Looking for where to buy the best types of shemaghs for survival wear and fashion? The shemagh used to be a piece of clothing worn only in various Middle Eastern countries. Today, however, you can find people wearing a shemagh all over the world, from the streets of New York City to U.S. military operations overseas. This versatile piece of fabric has a long history. Preppers buy then not just because they are fashionable, but because they are practical.
What to Look for in a Shemagh
Selecting the best shemagh comes down to mostly two things: style and material.
Large. A “large” shemagh is going to be one that measures at least 40″ x 40″. If you want wear the shemagh in the traditional ways, you want to buy a large one. These will allow the material to cover your head while draping down to also cover your shoulders and arms. Large shemaghs are also important for people who want to buy shemaghs for practical, versatile purposes. If you want the option to turn your head covering into a splint or bandage – or even a makeshift tablecloth – you want a larger size.
Small. A “small” shemagh is apt to measure around 36″ x 36″. Any purchased at this size are used more for fashion purposes, wrapped around a neck as an accessory, for example.
Look for three things when considering the material of your shemagh: cotton versus wool, weight, and the stitching.
Cotton vs Wool. There are largely two types of material that shemaghs are made from: cotton and wool. The vast majority of shemaghs on the market today are made of cotton. Cotton shemaghs are light and soft. Wool shemaghs are heavier, stronger, and get softer with age.
You may come across variations beyond cotton and wool. You could find poly/cotton mixes or even 100% poly. Skip those. Natural materials will dry faster and feel softer.
Weight. A heavier weight does not necessarily mean you are buying a better quality shemagh. Consider your intended purpose. While a heavier weight will be better at keeping you warm during winter months, it will bake your head in summer heat.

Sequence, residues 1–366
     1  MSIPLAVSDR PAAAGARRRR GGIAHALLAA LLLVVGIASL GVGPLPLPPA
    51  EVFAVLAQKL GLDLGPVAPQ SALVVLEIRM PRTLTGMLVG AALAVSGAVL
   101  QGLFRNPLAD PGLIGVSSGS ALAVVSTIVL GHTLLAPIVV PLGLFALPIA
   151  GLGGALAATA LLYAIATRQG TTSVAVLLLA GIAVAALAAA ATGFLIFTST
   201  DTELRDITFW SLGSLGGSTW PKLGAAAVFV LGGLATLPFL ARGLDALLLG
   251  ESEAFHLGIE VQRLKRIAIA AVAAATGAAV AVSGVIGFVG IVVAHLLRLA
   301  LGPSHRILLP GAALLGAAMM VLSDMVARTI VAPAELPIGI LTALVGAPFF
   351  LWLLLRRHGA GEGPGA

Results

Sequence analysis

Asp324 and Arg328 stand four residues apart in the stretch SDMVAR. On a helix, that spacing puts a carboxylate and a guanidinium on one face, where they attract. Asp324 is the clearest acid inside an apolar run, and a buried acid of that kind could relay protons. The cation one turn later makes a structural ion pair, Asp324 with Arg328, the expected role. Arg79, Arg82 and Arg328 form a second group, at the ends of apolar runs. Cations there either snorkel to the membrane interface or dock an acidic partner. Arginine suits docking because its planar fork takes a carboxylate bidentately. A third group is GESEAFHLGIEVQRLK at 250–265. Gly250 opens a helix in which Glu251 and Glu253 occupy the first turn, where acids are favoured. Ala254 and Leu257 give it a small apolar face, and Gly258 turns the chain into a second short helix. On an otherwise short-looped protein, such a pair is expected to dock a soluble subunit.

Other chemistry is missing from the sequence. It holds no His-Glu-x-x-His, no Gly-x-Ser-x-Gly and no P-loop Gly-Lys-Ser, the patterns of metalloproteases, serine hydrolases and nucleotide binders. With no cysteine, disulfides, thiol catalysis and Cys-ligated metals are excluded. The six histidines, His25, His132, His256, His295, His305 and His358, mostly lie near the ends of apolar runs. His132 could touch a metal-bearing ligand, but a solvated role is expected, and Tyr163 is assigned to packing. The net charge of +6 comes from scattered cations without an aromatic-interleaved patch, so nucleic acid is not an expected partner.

Stitching. Measure quality not by the weight but by the stitching. Good stitching makes for a tight shemagh that will not allow runs to happen as easily. The best shemaghs will be made through real embroidery or be hand-woven. These are not the most commons shemaghs available for purchase, and advances in manufacturing means a decent shemagh can actually be made in China for a reasonable prices. Of course, there are plenty of low-quality shemaghs out there for sale as well.
Buying the Best Shemaghs for Sale
You really do not have to overthink where the best place to buy a shemagh is. Many online stores sell them. What follows is a listing of some of those stores that sell premium or just “functional” shemaghs. In the end, you are essentially buying a simple piece of cloth, what matters most is the quality and style of that cloth. Naturally, the higher the quality the higher the price, but no shemagh should ever break the bank. Choose the one that suits your needs.
Higher Quality – Higher Price
Hirbawai USA ($$$) – Hands down the best shemagh you are going to find on the market. If you want to buy as “legit” a shemagh as you can find, you want them from the Hirbawi Factory. Hirbawi is known as being the last Palestinian producer of the keffiyeh. Founded in 1962, it is located in the largest city in the West Bank, Hebron, a place where power outages and lockdowns continuously complicated production. It is hard to get more authentic than the shemaghs made here.